Friday, July 1, 2022

Masire speaks out against BMC racism

Former President Sir Ketumile Masire has painted a bleak future of the ailing Botswana Meat Commission (BMC), saying the legacy of monopolisation of feedlot business by a few individuals at the Commission will continue to disadvantage the majority.

Appearing before the parliamentary select committee this week chaired by MP Mephato Reatile, Masire likened the monopoly of feedlots business at BMC to South African economy after the dismantling of apartheid laws.

“Those who benefited from the BMC monopoly will always be ahead; it is like South Africa, those who benefitted from apartheid still call the shots; they ┬áare better financially, they received a better education and you must admit that you will not catch up with these people,” said Masire.

Falling short of accusing former BMC Livestock Procumbent Manager of institutionalised racism at BMC, Masire said Clive Marshall was as racist as former South African Prime Minister, Hendrick Frensch Verwoerd – the architect of apartheid.

“Marshall was only diplomatic about it (racism) while Verwoerd came out clearly and tell you that you are a Kaffir,” said Masire.
┬áHe added: “Feedlot is a monopoly of the few. In the wisdom of Marshall, he decided which people should have feedlot for BMC. I only know four feedlotters out of seven and three seem to be some whites somewhere in the bush.” ┬á

The former President said he only received a single payment for his feedlot business from BMC, which was done in phases. He said he had never had luck to be given free cattle from BMC and added that the feedlot business is run in a manner that frustrates the unfortunate.

“At one stage, I was told that I could not account for some of the cattle. There is no transparency in the manner in which you are paid. You do not know whether those who are running the monopoly are getting something under the table,” said Masire.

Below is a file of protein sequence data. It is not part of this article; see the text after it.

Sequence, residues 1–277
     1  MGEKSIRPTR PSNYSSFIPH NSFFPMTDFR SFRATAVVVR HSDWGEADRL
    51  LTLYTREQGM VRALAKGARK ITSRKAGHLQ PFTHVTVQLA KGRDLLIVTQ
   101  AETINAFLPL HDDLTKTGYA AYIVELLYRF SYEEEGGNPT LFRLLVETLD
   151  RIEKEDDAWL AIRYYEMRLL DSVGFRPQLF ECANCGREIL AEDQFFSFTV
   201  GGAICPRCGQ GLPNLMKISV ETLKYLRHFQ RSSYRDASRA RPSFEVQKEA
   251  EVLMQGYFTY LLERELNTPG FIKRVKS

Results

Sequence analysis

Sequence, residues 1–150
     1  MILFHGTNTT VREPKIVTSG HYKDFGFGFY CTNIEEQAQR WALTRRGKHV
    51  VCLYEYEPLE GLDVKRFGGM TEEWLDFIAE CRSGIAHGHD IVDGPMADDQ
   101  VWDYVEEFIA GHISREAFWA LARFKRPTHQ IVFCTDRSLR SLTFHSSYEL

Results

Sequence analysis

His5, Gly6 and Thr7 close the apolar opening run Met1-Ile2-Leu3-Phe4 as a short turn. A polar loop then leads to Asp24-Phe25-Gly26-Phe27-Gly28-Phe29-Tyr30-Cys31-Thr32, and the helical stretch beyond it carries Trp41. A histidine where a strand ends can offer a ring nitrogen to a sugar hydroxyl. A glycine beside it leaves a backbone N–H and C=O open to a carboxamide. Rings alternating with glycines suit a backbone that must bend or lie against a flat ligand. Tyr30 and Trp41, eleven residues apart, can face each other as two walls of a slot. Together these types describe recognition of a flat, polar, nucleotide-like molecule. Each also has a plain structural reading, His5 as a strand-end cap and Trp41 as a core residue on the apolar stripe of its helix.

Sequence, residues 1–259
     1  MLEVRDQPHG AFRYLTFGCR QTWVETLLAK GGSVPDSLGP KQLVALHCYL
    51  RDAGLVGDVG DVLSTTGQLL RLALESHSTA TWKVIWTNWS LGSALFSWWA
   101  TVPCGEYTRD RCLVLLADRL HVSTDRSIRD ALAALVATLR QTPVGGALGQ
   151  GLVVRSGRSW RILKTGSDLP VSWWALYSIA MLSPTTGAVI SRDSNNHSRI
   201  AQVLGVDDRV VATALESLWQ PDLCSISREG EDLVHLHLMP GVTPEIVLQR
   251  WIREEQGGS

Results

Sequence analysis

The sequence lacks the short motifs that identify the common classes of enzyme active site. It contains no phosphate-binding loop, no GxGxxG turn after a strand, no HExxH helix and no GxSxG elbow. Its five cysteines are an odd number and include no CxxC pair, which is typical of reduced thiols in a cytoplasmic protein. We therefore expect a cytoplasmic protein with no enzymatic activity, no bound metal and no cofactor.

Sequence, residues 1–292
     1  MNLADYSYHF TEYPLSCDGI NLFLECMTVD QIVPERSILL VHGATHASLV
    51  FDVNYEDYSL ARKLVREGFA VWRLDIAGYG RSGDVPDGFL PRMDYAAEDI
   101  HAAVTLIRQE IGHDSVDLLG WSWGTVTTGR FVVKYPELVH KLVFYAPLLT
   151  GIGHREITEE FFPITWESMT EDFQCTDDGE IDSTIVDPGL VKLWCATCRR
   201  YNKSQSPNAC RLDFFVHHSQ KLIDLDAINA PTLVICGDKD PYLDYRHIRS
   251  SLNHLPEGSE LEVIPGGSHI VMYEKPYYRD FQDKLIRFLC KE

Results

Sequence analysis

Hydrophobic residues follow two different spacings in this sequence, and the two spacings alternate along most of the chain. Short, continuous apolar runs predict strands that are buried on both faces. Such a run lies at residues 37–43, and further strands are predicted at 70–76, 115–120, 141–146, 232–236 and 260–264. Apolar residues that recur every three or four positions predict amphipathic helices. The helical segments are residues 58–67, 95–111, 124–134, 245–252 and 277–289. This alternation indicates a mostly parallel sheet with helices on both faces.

He added that he approached Marshall enquiring about requirements for an individual to do business with BMC as a feedlotter. He said he broke into the feedlot business, which was monopolised by whites, by accident and added that he had never been given cattle by the BMC.

“When I told them that I was ready, they told me that I was not because ‘we do not know you as a feedlotter’. That was in 2010 after being encouraged in 2009. And boy, I struggled. I realised that there was some monopoly and I strived harder to break into this monopoly until 2011; thanks to God for the failure of bolus,” revealed Masire.

He said the BMC had bought cattle in large numbers and they decided to offload some to his feedlot.

“They offloaded the cattle to us that they had bought from a few who could not handle them. It took a year for BMC to allocate me cattle; I was a feedlotter by accident. I’m still fighting that battle,” said Masire.

Still on the monopoly of feedlots, Masire said people should not be discriminated against.

“If Satar Dada sells Toyota and somebody wants to sell Toyota, so be it. If there are inadequacies that hinder that person they must be spelt out. People should not be discriminated against,” he said.

Answering a question from one of the Committee members, Gilson Saleshando, who wanted to know whether famers in communal areas could set up feedlots and compete with commercial famers, Masire said feedlot business is viable in the communal areas if it is done in a small scale.